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Visualizing Uncertainty: On Soyer's and Hogarth's 'The Illusion of Predictability: How Regression Statistics Mislead Experts'

8 Pages Posted: 13 Jul 2012  

Stephen Ziliak

Roosevelt University

Date Written: July 12, 2012

Abstract

This comment was published in the International Journal of Forecasting symposium on the Soyer-Hogarth experiment (Vol. 28, No. 3, July/Sept. 2012, pp. 712-714). The experiment evaluates the ability of expert econometricians to make predictions based on commonly provided regression output. Visual displays of quantitative information, including simple plots of data, outperformed predictions based on R-squared, t-statistics, and other common diagnostics. Reliance on graphing - on the visualization of uncertainty - was suggested more than a century ago by Karl Pearson, a founding father of English language statistics. The results of the Soyer and Hogarth experiment, when combined with evidence produced by Ziliak and McCloskey (2008) and others, suggests that graphing and visualization should receive more attention and tests of statistical significance, less.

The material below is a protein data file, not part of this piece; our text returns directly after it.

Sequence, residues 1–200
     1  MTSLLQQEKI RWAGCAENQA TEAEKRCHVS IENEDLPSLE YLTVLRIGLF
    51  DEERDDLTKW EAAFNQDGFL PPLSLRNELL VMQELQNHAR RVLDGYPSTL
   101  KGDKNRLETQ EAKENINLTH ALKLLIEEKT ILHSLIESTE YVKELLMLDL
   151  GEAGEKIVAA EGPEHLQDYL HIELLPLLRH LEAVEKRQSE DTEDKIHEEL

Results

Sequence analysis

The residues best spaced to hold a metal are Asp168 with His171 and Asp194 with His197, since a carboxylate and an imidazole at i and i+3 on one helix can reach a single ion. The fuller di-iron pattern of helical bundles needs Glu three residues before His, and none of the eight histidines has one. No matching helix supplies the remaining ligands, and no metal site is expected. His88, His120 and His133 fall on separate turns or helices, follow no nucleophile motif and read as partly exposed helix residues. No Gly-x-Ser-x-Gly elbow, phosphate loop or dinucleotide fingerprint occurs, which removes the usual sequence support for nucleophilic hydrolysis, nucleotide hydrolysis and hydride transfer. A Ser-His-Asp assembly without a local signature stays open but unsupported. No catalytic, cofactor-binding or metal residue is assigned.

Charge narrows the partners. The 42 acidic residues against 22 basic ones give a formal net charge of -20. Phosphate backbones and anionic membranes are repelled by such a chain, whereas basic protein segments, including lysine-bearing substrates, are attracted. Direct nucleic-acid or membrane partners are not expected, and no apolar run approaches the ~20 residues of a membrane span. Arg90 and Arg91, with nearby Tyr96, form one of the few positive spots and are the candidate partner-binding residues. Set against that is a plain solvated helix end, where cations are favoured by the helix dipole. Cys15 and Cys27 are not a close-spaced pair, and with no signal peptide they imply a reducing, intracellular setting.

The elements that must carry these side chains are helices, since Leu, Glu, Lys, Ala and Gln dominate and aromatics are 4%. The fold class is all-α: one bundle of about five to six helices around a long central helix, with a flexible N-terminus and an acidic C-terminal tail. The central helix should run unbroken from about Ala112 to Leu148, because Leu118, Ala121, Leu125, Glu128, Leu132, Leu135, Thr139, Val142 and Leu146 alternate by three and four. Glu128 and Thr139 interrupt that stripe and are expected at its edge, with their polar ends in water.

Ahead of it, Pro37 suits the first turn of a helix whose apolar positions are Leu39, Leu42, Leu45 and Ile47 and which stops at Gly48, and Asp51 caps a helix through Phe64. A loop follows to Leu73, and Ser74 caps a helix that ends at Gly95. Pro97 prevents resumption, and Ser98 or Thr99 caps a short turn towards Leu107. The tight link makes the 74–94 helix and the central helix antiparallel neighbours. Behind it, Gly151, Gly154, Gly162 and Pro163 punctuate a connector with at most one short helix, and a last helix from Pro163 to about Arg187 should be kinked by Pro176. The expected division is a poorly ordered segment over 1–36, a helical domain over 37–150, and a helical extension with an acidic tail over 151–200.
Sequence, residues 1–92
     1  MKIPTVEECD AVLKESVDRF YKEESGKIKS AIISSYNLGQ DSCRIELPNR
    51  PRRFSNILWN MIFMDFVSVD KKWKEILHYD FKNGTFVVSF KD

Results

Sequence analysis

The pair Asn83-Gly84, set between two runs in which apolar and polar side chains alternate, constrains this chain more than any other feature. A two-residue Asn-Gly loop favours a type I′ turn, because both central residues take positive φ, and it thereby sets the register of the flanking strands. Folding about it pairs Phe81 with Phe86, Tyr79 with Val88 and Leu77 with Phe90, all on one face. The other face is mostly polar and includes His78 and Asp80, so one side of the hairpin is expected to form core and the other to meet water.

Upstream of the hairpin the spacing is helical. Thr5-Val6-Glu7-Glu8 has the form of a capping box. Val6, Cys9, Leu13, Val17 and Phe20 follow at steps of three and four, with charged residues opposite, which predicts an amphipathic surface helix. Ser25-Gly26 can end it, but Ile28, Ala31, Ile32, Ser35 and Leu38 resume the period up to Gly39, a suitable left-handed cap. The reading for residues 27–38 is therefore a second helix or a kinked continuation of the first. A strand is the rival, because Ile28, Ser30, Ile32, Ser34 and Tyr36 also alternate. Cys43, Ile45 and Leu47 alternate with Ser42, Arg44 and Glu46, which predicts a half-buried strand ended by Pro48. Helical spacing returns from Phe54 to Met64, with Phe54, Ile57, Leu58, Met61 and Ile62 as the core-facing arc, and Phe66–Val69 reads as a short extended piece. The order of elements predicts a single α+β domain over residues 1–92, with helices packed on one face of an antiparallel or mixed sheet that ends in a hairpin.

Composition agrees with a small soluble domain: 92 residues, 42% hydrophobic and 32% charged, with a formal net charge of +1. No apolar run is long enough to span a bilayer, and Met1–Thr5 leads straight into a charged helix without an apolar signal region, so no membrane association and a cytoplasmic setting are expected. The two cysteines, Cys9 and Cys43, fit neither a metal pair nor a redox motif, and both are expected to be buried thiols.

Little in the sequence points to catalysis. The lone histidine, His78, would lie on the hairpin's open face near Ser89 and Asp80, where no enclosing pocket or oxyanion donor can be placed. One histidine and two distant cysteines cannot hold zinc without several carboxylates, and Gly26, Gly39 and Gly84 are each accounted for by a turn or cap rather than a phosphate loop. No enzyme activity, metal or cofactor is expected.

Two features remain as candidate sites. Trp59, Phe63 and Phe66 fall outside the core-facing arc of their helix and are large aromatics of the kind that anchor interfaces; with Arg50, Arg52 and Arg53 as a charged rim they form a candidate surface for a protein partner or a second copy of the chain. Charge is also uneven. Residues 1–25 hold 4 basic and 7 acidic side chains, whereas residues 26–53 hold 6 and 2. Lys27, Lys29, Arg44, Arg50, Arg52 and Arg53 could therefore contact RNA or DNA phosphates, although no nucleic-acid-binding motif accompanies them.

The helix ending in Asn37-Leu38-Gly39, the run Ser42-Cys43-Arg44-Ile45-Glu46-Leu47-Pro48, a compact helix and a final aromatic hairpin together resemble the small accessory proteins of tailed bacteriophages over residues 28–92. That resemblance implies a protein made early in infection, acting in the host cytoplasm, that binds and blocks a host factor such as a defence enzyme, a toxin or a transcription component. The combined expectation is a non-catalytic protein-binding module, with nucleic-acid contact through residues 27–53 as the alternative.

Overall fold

Keywords: regression analysis, forecasting, uncertainty, visualization, statistical significance, Karl Pearson

JEL Classification: C1, C18, B1

Suggested Citation

Ziliak, Stephen, Visualizing Uncertainty: On Soyer's and Hogarth's 'The Illusion of Predictability: How Regression Statistics Mislead Experts' (July 12, 2012). Available at SSRN: https://ssrn.com/abstract=2104279 or http://dx.doi.org/10.2139/ssrn.2104279

Stephen Ziliak (Contact Author)

Roosevelt University ( email )

Chicago, IL 60605
United States

HOME PAGE: http://sites.roosevelt.edu/sziliak

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